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Sinic Holdings was downgraded to three notches to Caa2 from B2 by Moody’s and is on review for further downgrade. “The downgrade reflects Sinic’s materially weakening liquidity profile given its rapidly deteriorated funding access and maturing offshore debt over the next 6-12 months, leading to a likelihood of default on its payment obligations”, said Daniel Zhou, a Moody’s Analyst. The likely default would include its $246mn 9.5% USD bond due October 18, 2021 that currently trades at distressed levels of 26 cents on the dollar.

While Sinic is a leader in property development in Nanchang, Jiangxi province and in Huizhou, Guangdong province, this is counterbalanced by its “high geographic concentration and moderate credit metrics”. As of end-June 2021, Sinic had RMB 13.4bn ($2.1bn) in short-term debt including its offshore $246mn 9.5% 2021s and, $245mn 8.5% 2022s and $208mn 10.5% 2022s. Additionally, it had RMB 8bn ($1.24bn) in payables and any demand for accelerating repayment of these payables can lead to creditors’ loss of confidence and further stress its liquidity. Sinic has RMB 14bn ($2.2bn) in unrestricted cash but Moody’s is uncertain if Sinic could use it for debt repayment. They note that Sinic has meaningful exposures to joint ventures (JVs), which could limit its ability to control cash flow. Moody’s expects Sinic’s contracted sales and operating cash flows to deteriorate significantly over the next 6-12 months.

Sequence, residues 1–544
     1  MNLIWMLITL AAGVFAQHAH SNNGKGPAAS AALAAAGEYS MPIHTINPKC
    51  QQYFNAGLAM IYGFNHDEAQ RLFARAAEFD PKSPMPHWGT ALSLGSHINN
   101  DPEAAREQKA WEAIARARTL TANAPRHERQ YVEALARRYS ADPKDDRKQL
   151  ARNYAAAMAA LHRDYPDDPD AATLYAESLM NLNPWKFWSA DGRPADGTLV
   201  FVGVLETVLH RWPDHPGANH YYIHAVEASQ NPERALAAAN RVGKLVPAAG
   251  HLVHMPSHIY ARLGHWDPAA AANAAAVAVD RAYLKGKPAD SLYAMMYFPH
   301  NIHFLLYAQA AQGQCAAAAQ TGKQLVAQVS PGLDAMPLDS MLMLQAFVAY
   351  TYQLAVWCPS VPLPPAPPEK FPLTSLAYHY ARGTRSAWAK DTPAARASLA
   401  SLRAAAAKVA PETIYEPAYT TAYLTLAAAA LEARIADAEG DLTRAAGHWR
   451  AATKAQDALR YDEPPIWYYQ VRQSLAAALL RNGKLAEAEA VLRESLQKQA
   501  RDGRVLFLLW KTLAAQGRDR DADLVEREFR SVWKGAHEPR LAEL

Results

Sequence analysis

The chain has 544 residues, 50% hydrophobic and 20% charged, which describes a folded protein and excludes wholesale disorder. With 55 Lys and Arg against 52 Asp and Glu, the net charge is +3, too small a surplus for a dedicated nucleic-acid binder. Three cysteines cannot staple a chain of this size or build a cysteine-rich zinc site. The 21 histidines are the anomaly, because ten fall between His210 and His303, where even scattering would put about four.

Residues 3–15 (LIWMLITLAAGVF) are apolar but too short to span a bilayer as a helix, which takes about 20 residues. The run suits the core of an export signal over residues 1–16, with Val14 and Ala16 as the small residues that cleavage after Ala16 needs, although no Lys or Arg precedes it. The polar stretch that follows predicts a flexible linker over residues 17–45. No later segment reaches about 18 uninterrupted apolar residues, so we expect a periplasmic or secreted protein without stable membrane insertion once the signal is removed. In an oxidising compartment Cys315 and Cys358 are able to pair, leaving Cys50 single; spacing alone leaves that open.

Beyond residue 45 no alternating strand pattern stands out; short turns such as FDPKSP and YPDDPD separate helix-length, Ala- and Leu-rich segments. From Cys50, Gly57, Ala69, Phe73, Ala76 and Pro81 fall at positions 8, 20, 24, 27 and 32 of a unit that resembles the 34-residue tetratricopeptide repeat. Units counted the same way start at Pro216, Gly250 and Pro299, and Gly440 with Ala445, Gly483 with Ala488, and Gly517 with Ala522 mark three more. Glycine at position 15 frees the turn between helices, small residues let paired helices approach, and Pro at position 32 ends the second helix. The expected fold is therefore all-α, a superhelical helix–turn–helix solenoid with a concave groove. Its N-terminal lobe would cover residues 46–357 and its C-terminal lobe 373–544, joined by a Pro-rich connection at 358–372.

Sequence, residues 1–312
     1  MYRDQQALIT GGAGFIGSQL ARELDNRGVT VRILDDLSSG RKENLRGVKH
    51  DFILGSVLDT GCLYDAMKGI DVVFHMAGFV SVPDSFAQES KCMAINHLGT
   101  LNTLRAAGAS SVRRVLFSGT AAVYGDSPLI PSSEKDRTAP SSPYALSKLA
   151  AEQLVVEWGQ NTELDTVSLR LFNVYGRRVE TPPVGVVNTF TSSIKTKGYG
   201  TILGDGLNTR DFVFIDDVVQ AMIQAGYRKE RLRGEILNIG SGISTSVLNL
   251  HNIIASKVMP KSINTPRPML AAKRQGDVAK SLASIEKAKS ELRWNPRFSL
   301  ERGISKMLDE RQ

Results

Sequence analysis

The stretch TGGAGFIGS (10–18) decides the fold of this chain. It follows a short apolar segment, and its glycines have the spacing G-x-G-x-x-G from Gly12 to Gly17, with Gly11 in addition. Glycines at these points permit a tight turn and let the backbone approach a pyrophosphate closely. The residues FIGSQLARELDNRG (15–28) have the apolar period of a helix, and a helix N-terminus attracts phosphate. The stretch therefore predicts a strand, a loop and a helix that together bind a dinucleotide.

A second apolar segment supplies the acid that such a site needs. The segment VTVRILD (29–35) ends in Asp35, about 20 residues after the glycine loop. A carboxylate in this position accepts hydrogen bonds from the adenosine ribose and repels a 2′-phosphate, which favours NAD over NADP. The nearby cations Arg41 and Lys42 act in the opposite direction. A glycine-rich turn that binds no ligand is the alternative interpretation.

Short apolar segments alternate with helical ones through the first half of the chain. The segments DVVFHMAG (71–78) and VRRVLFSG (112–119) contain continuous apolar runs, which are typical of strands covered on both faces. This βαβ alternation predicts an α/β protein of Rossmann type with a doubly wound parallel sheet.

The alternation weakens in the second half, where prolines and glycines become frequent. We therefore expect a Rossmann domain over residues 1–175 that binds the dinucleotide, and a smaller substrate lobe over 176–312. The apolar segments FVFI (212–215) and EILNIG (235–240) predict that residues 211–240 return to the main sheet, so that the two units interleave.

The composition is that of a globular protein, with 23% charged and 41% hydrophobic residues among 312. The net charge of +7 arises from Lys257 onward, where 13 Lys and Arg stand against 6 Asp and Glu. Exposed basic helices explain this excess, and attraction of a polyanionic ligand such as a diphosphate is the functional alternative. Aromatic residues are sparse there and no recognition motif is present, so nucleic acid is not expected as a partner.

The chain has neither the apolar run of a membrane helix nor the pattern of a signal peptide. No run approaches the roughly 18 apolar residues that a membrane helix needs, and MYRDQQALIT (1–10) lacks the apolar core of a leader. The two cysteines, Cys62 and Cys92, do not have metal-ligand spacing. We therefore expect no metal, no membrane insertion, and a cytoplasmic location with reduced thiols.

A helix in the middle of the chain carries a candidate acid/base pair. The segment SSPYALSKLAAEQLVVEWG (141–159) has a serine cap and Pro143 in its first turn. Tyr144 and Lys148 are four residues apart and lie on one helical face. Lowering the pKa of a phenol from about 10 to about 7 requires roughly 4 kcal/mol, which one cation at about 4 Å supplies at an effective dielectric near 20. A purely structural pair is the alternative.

Sinic’s dollar bonds are at distressed levels – its 8.5% 2022s and 10.5% 2022s trade at 22.6 and 26.4 respectively.

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